The investigation of genotype distributions included genetic equilibrium and segregation. All loci were considered separately, and moreover the homozygous or heterozygous genotypes of all loci were pooled to estimate the observed and expected average homozygosity with equilibrium and in segregation.
At most loci the observed genotype distributions agreed with the genetic equilibrium distributions in foals, dams and sires. There was a significant excess of heterozygotes of haemoglobin in dams. In segregation there were significant deviations for prealbumin, involving 3 out of 6 prealbumin alleles, and for albumin. The deviations in albumin consisted of an excess of homozygous foals from homozygous dams.
After pooling homozygous or heterozygous genotypes of all seven loci, a significant excess of average heterozygosity was observed in dams compared with genetic equilibrium, and with segregation a significant excess of homozygosity was found in offspring from dams with a high homozygosity. A hypothesis was forwarded to connect both types of deviations obtained after pooling of loci, but there was no evidence of a link between them. The deviations from genetic equilibrium and in segregation were such that they could be considered as compensatory.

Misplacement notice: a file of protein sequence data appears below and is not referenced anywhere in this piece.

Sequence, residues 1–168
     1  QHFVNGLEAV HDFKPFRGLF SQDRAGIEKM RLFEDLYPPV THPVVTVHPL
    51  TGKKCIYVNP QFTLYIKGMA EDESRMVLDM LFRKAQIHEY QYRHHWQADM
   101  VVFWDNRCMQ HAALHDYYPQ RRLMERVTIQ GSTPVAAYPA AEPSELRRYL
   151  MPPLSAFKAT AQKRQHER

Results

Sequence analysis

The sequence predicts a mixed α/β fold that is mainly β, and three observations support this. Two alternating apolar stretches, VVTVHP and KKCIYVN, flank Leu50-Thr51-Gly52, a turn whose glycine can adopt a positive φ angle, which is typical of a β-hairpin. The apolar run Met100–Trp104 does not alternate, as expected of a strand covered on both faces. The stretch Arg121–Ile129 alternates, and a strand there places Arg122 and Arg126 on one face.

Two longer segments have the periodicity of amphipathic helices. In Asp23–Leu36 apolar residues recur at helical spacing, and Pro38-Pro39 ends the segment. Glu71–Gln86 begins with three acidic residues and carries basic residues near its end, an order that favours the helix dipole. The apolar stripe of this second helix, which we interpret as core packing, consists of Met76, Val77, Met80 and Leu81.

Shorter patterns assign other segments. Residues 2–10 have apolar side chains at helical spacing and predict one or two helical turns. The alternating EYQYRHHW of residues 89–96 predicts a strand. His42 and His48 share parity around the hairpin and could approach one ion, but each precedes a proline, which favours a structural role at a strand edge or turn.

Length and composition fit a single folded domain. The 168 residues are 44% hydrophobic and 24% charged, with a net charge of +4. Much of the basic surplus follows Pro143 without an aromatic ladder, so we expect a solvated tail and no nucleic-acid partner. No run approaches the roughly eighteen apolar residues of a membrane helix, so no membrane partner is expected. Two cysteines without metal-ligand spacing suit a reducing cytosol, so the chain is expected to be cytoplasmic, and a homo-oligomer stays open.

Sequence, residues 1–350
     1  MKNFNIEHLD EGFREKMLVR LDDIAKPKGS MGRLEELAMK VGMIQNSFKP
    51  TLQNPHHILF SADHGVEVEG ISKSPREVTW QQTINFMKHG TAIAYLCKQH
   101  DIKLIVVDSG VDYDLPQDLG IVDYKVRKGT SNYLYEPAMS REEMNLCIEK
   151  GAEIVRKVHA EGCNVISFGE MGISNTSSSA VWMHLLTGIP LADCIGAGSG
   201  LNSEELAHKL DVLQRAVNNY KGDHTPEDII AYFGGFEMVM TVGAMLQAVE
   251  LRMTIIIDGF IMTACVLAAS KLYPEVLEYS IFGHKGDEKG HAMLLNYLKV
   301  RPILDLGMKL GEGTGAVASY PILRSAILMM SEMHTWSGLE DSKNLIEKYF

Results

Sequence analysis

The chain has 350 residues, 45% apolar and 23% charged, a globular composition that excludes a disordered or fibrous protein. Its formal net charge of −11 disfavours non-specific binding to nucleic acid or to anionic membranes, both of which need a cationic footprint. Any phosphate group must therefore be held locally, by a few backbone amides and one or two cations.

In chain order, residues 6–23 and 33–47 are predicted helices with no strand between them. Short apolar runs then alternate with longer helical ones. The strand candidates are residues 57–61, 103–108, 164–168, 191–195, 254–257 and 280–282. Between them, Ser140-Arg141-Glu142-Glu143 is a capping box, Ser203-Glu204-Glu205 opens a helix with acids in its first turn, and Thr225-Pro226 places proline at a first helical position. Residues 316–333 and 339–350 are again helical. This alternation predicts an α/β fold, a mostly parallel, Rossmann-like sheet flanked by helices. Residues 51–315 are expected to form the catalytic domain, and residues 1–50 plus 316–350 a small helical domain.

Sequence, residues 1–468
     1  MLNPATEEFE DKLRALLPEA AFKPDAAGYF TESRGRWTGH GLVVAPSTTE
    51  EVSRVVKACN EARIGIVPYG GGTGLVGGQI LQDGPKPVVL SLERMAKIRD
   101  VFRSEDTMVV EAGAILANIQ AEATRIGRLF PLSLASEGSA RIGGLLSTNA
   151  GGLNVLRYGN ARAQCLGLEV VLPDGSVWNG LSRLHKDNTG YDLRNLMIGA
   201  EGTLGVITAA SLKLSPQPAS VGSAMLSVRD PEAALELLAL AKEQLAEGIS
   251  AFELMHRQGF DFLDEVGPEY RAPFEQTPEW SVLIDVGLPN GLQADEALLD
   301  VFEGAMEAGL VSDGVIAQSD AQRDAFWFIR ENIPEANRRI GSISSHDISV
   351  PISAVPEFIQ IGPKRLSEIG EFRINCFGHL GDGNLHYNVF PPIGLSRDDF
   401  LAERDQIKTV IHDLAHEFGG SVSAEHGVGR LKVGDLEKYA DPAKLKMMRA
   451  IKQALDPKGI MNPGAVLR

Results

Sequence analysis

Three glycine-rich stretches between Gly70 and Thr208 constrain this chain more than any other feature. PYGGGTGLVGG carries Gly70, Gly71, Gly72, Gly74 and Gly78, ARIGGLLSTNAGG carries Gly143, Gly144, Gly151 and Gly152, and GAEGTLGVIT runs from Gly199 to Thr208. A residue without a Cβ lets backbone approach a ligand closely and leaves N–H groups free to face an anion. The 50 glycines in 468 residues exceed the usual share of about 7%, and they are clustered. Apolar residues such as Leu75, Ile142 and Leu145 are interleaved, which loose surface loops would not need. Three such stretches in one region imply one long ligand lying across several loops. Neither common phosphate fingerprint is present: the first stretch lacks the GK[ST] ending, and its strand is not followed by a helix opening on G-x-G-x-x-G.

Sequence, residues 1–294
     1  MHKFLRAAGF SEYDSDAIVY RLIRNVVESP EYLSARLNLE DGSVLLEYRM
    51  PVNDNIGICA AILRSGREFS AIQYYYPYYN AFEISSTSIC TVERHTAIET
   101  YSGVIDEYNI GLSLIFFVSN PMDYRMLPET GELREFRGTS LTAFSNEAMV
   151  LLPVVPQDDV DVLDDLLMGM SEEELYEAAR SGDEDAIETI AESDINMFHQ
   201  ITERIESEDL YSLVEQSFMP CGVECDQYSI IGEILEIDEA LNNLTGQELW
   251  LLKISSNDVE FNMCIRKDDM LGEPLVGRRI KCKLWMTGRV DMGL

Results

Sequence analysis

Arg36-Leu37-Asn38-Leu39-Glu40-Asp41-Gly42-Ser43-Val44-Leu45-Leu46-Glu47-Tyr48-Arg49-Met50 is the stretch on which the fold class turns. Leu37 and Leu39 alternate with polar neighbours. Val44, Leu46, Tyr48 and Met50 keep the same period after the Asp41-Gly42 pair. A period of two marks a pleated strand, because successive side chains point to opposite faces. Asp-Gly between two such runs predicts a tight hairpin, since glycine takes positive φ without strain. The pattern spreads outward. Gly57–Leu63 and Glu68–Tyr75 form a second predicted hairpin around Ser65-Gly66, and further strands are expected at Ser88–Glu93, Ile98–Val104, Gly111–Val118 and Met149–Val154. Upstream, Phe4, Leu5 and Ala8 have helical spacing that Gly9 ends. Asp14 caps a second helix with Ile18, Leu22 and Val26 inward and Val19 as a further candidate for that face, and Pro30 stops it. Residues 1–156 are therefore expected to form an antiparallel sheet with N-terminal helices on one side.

Chapter 6 tries to explain the observed deviations. In literature on horse protein polymorphism only separate loci are dealt with. The excess of like-dam homozygotes in albumin was contradictory to most reported observations, where excesses of heterozygotes in segregation of albumin were mentioned. An excess of heterozygous offspring for haemoglobin was observed earlier, but not in Shetland ponies. There was no apparent relation between the deviations and the functions of proteins as far as these were known.
The deviations in my material might result from selection for fitness, which selection is likely to occur in the pony population. Especially the dams in the sample could be subject to selection for fertility. The excess of heterozygosity in dams may be related with selection for fitness, and might contribute to the maintenance of polymorphism. However, there were opposite deviations to compensate for this possible selection.
It was concluded that in most protein systems there were deviations from genetic equilibrium distributions or in segregational ratios. The causes of these deviations could not be revealed. Their net effect on the maintenance of polymorphism was most likely neutral.
In farm animals artificial selection largely influences the genetic composition of populations. The effect of deviations of the nature and magnitude as observed in the pony population on the maintenance of polymorphism will be negligible in livestock. The study of protein polymorphism in livestock can be used to describe changes in genetic composition of populations, for which purpose the simultaneous use of various polymorphisms and the concept of average homozygosity may be promising.